The six boats had already been delayed three extra days in Auckland before setting off for their destination, Itajai in Brazil, because of Cyclone Pam.
The deadly weather system has claimed several lives in the Southern Pacific archipelago of Vanuatu and race management did not want to risk the $30 million fleet sailing nearby.
After finally setting off for the 6,776-nautical mile stage on Wednesday, a huge iceberg was spotted within 48 hours via satellite pictures.
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Organisers have imposed ice limits that will force the boats to sail clear of the iceberg's path. Crews will be penalised if they sail over these boundaries towards hazardous areas.
Organisers have brought forward the likely arrival time in Itajai from April 7 to 4 after the boats made surprisingly rapid progress through the first 1,000 nautical miles of the stage.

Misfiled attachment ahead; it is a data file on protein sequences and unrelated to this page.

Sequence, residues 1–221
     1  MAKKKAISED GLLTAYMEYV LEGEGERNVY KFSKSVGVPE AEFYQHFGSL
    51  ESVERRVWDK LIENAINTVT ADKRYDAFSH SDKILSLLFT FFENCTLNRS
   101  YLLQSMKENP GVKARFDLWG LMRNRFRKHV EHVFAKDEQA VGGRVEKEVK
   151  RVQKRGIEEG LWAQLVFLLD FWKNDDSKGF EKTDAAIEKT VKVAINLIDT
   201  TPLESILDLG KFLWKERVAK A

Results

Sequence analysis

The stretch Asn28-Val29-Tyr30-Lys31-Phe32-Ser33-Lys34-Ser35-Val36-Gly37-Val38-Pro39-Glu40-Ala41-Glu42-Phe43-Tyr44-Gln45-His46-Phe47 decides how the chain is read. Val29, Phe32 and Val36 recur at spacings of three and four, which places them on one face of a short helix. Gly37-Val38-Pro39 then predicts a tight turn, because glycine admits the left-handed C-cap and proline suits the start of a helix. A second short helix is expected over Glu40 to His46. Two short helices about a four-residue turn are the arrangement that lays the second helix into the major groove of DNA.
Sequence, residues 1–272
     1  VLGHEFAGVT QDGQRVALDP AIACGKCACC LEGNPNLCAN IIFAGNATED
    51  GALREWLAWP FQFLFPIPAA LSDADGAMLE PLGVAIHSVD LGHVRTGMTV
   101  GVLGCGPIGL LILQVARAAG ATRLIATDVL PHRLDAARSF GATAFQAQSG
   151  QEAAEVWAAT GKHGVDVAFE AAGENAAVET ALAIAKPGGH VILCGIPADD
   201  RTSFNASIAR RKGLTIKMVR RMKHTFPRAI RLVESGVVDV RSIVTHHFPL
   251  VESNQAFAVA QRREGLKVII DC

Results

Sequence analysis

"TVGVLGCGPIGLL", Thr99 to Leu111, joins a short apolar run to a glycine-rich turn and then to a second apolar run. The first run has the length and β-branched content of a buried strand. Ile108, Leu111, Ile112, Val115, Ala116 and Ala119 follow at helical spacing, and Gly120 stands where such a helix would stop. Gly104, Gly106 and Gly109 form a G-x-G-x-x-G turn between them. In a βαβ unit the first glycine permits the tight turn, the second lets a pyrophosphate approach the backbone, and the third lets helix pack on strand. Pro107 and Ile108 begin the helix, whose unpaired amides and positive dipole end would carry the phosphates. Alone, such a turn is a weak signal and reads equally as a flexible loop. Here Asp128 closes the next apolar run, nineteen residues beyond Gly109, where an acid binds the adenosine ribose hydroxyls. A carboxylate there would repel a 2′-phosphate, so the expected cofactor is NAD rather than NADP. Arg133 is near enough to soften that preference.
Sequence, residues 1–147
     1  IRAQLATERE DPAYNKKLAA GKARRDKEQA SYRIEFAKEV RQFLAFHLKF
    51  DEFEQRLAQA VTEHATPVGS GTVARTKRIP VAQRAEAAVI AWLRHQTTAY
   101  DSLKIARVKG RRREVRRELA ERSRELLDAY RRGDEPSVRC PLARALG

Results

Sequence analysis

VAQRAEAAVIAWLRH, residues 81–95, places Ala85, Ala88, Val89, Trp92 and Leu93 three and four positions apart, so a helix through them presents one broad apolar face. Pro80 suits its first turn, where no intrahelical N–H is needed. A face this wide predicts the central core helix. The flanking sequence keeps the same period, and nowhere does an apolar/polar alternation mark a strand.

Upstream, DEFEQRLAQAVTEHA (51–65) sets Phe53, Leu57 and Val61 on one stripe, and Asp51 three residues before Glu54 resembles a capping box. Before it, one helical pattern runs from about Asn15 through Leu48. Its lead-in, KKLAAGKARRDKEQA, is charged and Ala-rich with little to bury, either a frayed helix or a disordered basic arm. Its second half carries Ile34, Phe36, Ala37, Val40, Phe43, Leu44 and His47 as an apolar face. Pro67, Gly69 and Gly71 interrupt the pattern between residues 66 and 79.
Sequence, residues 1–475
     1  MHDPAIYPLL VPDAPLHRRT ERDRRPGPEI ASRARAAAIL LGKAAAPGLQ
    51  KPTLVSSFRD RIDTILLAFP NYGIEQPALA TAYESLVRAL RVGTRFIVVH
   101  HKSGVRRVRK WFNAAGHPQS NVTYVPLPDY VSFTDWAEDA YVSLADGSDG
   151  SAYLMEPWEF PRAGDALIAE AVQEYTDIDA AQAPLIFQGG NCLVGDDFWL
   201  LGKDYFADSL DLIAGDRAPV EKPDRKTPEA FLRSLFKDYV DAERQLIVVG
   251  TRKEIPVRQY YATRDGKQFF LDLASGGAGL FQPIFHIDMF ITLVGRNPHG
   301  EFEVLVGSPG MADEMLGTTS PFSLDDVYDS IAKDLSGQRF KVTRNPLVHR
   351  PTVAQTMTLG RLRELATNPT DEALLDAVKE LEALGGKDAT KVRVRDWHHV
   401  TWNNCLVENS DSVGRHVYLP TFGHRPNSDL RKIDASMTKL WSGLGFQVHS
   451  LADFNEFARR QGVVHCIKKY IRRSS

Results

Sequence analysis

The boats have been cruising through the South Pacific and out into the Southern Ocean at a consistent 20 knots thanks to the effect from the aftermath of Cyclone Pam.
Team Brunel (Netherlands) led (Saturday, 0640 GMT) from Team Alvimedica (Turkey/U.S.) with overall race leaders, Abu Dhabi Ocean Racing, Team SCA (Sweden), MAPFRE (Spain) and Dongfeng Race Team (China) closely bunched behind them all within 63 nautical miles.
The fleet is expected to arrive in Itajai after the toughest of the nine Volvo Ocean Race legs. They must navigate the treacherous Southern Ocean and round Cape Horn before returning to the Atlantic for the first time since November.
In all, the boats will cover 38,739nm, visit 11 ports and every continent. The nine-month event, held every three years, concludes on June 27 in Gothenburg, Sweden.
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